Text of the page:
Saint Clement of Alexandria…

…judges Francis’ idea on reforming the Church

  • The shameful vices of the “gods” of paganism

Hercules, the son of Zeus […] in one night deflowered the fifty daughters of Thestius, and thus was at once the debaucher and the bridegroom of so many virgins. It is not, then, without reason that the poets call him a cruel wretch and a nefarious scoundrel. It were tedious to recount his adulteries of all sorts, and debauching of boys. For your gods did not even abstain from boys, one having loved Hylas, another Hyacinthus, another Pelops, another Chrysippus, and another Ganymede. Let such gods as these be worshipped by your wives, and let them pray that their husbands be such as these – so temperate; that, emulating them in the same practices, they may be like the gods. Such gods let your boys be trained to worship, that they may grow up to be men with the accursed likeness of fornication on them received from the gods. (Saint Clement of Alexandria. Protepticus)

…judges Francis’ idea on sects forming part of the Church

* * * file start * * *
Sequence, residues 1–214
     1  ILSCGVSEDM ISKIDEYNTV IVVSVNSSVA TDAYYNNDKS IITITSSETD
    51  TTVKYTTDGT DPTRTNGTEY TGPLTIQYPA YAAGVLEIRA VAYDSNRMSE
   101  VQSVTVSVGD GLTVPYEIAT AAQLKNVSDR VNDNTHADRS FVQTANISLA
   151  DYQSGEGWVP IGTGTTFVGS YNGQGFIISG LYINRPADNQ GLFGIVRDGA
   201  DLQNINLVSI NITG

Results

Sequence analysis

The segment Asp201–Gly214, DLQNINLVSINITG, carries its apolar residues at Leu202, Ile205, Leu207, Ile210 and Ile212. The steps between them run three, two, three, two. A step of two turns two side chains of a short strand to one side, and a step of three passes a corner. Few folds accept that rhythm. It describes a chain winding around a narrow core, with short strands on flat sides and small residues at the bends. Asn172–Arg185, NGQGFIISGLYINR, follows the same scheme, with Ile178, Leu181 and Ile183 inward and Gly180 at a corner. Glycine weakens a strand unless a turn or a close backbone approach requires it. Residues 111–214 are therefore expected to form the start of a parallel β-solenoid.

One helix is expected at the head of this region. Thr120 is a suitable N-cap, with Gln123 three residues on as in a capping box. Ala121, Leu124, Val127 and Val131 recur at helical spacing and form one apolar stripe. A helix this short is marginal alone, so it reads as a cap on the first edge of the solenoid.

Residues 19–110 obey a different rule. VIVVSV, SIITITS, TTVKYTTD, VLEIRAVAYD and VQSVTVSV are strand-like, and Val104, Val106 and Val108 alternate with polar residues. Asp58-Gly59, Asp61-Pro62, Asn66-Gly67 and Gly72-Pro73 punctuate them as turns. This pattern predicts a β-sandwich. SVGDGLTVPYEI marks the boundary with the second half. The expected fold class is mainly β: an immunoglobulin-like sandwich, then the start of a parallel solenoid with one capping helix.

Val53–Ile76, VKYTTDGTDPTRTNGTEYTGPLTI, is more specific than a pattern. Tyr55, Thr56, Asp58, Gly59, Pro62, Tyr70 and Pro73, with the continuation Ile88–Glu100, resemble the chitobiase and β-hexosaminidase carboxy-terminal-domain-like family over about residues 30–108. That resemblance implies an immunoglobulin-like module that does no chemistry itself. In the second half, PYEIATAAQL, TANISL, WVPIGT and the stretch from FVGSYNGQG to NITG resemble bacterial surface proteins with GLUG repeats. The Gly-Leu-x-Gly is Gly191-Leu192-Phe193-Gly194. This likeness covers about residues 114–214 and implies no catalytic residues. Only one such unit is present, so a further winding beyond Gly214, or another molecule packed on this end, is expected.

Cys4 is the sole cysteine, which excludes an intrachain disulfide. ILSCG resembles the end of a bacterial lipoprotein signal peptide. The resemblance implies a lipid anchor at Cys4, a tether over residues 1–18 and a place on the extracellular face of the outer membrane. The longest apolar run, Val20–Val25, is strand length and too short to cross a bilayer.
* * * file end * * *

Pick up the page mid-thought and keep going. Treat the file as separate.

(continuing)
• They strive to cut asunder the one Church into many sects

In the nature of the One, then, is associated in a joint heritage the one Church, which they strive to cut asunder into many sects. Therefore in substance and idea, in origin, in pre-eminence, we say that the ancient and Catholic Church is alone, collecting as it does into the unity of the one faith — which results from the peculiar Testaments, or rather the one Testament in different times by the will of the one God, through one Lord — those already ordained, whom God predestinated, knowing before the foundation of the world that they would be righteous. But the pre-eminence of the Church, as the principle of union, is, in its oneness, in this surpassing all things else, and having nothing like or equal to itself. (Saint Clement of Alexandria. Stromata Book VII, Ch. 17)

…judges Francis’ idea on the flesh of Christ and poverty as a theological category

  • The abundance of necessary things keeps the soul free, capable of making good use of what is at hand

The same holds good also in the case of poverty. For it compels the soul to desist from necessary things, I mean contemplation and from pure sinlessness, forcing him, who has not wholly dedicated himself to God in love, to occupy himself about provisions; as, again, health and abundance of necessaries keep the soul free and unimpeded, and capable of making a good use of what is at hand. (Saint Clement of Alexandria. Book IV, Ch. 5)

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